Vice President Pence’s Chief of Staff Marc Short appears to have violated criminal conflict of interest law by holding stock in companies that are directly affected by the government’s pandemic response and participating in meetings with those companies, according to complaints sent to the FBI by Citizens for Responsibility and Ethics in Washington (CREW).
A prominent member of the Trump administration’s COVID-19 pandemic response efforts, Short plays a critical role in addressing the economic and health impact of the pandemic, determining the agenda for meetings of the coronavirus task force and communicating the administration’s coronavirus response to the public. CREW first noted Short’s possible conflicts of interest in April after discovering he had not filed periodic transaction reports disclosing sales of his stocks. In May, NPR reported Short had not divested any of his stock interests, and Short claims to manage his conflicts of interest by recusing himself from matters that may affect his holdings.
Short’s work on the pandemic, however, reportedly included attending meetings with executives of the companies in which he holds stock. The White House press office said Short was expected to attend several meetings in March and April related to the pandemic response with representatives from companies such as United Health Group, CVS, Johnson & Johnson, Pfizer, Wal-Mart and Disney, whose stock he holds, and photos show him at those meetings.
“While Marc Short helps craft and guide the government’s coronavirus response efforts, he appears to have maintained financial interests that could be affected by those efforts — and could influence his decision-making on important issues,” said CREW Executive Director Noah Bookbinder. “His actions run the risk of violating the conflicts of interest laws we rely on to keep government employees transparent, honest and accountable for their actions.”
Without divesting, Short is subject to OGE’s regulations and conflict of interest law, which explains that “an employee is prohibited . . . from participating personally and substantially in an official capacity in any particular matter in which, to his knowledge, he or any other person specified in the statute has a financial interest, if the particular matter will have a direct and predictable effect on that interest.” A “particular matter” is defined as a matter that involves “deliberation, decision, or action that is focused upon the interests of specific persons, or a discrete and identifiable class of persons.” While in some limited instances OGE may issue a waiver exempting an employee from this law, the White House must publish all such waivers online and has not yet produced a waiver for Short.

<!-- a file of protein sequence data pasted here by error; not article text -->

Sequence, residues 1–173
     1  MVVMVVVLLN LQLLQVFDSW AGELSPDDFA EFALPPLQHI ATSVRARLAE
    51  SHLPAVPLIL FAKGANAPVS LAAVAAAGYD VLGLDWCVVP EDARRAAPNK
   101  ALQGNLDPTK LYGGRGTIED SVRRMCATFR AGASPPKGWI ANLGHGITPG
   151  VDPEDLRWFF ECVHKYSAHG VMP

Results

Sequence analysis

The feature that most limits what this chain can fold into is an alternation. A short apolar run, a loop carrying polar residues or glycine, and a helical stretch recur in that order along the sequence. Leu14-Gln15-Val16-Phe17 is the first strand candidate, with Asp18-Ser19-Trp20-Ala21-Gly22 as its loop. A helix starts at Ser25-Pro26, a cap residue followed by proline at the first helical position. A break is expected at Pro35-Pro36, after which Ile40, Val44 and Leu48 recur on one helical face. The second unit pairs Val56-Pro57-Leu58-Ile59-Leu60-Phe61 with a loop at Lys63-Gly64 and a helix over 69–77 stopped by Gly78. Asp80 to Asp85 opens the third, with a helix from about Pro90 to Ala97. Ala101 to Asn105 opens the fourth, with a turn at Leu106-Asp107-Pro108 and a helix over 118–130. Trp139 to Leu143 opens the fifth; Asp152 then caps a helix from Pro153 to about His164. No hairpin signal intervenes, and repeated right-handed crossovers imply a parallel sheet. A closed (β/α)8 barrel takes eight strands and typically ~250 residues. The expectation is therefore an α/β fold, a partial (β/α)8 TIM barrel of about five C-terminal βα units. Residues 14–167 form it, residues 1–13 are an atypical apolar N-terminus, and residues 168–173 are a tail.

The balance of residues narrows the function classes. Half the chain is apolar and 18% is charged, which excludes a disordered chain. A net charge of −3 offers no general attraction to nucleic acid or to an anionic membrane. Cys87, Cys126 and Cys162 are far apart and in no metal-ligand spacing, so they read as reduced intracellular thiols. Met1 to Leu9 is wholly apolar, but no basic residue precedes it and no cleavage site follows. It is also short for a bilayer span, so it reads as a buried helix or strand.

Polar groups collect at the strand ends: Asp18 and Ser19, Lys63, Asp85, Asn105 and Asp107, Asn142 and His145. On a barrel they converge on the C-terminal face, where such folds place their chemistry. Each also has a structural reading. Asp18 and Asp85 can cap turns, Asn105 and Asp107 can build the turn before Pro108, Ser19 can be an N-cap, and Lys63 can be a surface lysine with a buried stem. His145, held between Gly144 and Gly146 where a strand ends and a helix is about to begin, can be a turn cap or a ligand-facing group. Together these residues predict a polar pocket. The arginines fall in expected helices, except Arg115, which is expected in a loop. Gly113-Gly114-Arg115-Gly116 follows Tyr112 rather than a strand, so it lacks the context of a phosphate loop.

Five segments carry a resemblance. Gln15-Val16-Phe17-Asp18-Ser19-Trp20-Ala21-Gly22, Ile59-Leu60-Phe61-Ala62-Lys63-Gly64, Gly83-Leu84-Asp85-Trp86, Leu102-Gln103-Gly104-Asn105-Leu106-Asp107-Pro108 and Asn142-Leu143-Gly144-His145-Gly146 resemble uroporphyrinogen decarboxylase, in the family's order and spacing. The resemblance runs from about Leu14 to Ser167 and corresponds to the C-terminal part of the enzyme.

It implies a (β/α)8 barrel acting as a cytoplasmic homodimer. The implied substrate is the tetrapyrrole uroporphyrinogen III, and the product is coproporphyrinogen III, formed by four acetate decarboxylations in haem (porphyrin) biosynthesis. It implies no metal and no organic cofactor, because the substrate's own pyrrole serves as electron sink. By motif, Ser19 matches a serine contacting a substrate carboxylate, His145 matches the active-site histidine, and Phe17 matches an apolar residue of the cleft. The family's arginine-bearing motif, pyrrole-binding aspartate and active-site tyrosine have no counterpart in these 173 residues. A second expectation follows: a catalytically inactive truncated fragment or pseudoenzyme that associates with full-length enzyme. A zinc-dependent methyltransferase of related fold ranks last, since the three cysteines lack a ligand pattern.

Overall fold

The Office of Government Ethics (OGE) is responsible for issuing Executive Branch employees Certificates of Divestiture (CD). In order for Short to have received a CD, the ethics officer overseeing his request would have needed to concede that Short’s divestiture was necessary to resolve a conflict of interest, and that he pledged to divest. Under OGE regulations, by applying for the CD, Pence’s office conceded that divestiture was necessary to resolve a conflict of interest, and Short pledged to divest.
“Marc Short should have divested his stock holdings immediately and rid himself of any real or apparent conflict of interest. Since he has not done so, and continues to act in a way that could erode public trust, the FBI should investigate,” said Bookbinder.
March Short needs to be investigated for his continued failure to divest from his apparent financial conflicts of interest that could cause him to favor companies that he has a personal stake in rather than groups that best address public needs during this crisis.
Timeline of CREW investigation into Marc Short
Nov 09, 2020
CREW submits a second supplemental letter after reviewing his latest PFD which confirmed that as of the end of 2019, he maintained financial interests in the companies discussed in previous letters. The new PFD also disclosed additional interests in companies that he met with in 2020 that were not included in earlier disclosures, indicating he may have met with even more companies that he was invested in than previously realized.